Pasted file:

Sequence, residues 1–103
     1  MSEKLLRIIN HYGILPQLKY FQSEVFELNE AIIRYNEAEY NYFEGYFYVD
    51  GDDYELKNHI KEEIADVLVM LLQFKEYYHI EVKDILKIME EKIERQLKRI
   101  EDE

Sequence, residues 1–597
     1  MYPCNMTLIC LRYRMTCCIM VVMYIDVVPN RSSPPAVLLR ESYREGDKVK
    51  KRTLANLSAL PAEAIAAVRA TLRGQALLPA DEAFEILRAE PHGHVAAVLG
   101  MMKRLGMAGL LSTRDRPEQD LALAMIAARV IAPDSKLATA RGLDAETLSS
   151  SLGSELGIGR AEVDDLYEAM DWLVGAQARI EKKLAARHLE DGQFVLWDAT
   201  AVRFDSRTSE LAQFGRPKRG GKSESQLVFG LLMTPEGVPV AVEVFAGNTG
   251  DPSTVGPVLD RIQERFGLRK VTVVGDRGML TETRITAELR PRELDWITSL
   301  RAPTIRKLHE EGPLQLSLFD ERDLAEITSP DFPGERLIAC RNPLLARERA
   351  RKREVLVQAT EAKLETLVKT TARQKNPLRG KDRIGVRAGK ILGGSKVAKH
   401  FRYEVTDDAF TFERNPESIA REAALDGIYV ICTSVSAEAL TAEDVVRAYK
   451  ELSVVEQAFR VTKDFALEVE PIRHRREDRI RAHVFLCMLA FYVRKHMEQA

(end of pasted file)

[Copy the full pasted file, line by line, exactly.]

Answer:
Sequence, residues 1–103
     1  MSEKLLRIIN HYGILPQLKY FQSEVFELNE AIIRYNEAEY NYFEGYFYVD
    51  GDDYELKNHI KEEIADVLVM LLQFKEYYHI EVKDILKIME EKIERQLKRI
   101  EDE

Sequence, residues 1–597
     1  MYPCNMTLIC LRYRMTCCIM VVMYIDVVPN RSSPPAVLLR ESYREGDKVK
    51  KRTLANLSAL PAEAIAAVRA TLRGQALLPA DEAFEILRAE PHGHVAAVLG
   101  MMKRLGMAGL LSTRDRPEQD LALAMIAARV IAPDSKLATA RGLDAETLSS
   151  SLGSELGIGR AEVDDLYEAM DWLVGAQARI EKKLAARHLE DGQFVLWDAT
   201  AVRFDSRTSE LAQFGRPKRG GKSESQLVFG LLMTPEGVPV AVEVFAGNTG
   251  DPSTVGPVLD RIQERFGLRK VTVVGDRGML TETRITAELR PRELDWITSL
   301  RAPTIRKLHE EGPLQLSLFD ERDLAEITSP DFPGERLIAC RNPLLARERA
   351  RKREVLVQAT EAKLETLVKT TARQKNPLRG KDRIGVRAGK ILGGSKVAKH
   401  FRYEVTDDAF TFERNPESIA REAALDGIYV ICTSVSAEAL TAEDVVRAYK
   451  ELSVVEQAFR VTKDFALEVE PIRHRREDRI RAHVFLCMLA FYVRKHMEQA